The powers of the Scottish parliament "can now have a big impact on your job, your income, and investment in your area," Cameron told an audience in Crewe on the General Election campaign trail. The rapid pace of devolution has left some voters and many Tory MPs dissatisfied with the balance of decision-making powers between Westminster and Holyrood.
With the SNP riding high in the polls and speculation running high over what sort of deal Labour leader Ed Miliband could make with Nicola Sturgeon in the event of a hung parliament, Cameron sought to position himself as the defender of England against a triumphalist SNP.
The Prime Minister said the new principle is to make sure decisions north of the border don't have an "unforseen detrimental effect" on the constituent parts of the UK. The report will be produced by the Treasury and will review policies ranging from tuition fees to business rates and tax rates. The policy will be known as the "Carlisle Principle."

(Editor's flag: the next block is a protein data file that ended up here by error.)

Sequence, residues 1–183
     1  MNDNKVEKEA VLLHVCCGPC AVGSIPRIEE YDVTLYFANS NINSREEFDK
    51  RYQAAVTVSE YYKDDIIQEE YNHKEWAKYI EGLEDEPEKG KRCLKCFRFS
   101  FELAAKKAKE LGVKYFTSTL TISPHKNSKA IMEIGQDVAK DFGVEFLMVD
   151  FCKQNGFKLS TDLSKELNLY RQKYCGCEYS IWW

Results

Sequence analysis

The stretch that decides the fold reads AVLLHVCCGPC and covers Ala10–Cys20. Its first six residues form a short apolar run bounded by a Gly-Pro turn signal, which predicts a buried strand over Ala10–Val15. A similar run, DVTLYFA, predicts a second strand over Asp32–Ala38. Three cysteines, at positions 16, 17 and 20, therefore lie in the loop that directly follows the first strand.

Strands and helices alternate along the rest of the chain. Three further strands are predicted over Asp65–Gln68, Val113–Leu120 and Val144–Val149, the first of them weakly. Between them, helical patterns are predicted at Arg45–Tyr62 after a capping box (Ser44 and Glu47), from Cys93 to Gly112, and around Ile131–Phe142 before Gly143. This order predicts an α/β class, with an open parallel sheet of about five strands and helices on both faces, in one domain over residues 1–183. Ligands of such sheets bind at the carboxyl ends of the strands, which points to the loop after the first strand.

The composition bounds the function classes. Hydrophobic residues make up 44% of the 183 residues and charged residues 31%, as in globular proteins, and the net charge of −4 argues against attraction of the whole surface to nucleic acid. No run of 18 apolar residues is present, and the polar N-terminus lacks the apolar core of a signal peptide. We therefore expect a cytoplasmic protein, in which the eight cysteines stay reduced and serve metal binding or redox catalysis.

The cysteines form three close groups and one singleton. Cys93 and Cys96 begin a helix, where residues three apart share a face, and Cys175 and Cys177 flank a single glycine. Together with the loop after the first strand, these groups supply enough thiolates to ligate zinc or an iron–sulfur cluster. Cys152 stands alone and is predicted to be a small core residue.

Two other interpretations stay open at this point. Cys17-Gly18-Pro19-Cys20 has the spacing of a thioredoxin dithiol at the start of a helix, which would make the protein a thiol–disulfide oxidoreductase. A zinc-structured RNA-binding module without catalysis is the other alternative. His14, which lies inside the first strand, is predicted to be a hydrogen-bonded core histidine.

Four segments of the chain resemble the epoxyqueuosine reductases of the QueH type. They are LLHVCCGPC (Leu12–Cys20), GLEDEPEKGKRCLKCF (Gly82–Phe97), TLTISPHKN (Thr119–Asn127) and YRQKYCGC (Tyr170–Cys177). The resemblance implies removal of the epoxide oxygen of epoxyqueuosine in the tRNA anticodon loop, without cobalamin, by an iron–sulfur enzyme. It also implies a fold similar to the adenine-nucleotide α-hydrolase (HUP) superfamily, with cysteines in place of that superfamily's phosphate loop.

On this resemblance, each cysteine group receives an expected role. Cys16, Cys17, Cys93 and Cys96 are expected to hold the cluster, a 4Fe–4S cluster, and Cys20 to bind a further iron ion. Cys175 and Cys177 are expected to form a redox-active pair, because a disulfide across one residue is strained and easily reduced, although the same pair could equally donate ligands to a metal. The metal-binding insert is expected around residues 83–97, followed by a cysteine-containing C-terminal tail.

Other parts of the UK, under a Tory government, would be able to take compensatory action if Scotland cut its air passenger duty and it had a negative impact on other airports. The Prime Minister emphasised that the move is not about challenging Scottish autonomy or opening a further debate over the Barnett Formula but about making sure the rest of the UK got a fair settlement.
"This is about making sure we understand the impact that devolution is having and make sure that rest of the country never unwittingly loses out," said Cameron.
But Labour said the Smith Commission's devolution plan that has largely been accepted by the three main parties already made provisions to ensure the rest of the UK got a fair deal.
Cameron's announcement comes on the day of the SNP's manifesto launch and after the party's deputy leader Stewart Hosie said the SNP could vote against authorisation of the Ministry of Defence's budget if it included Trident.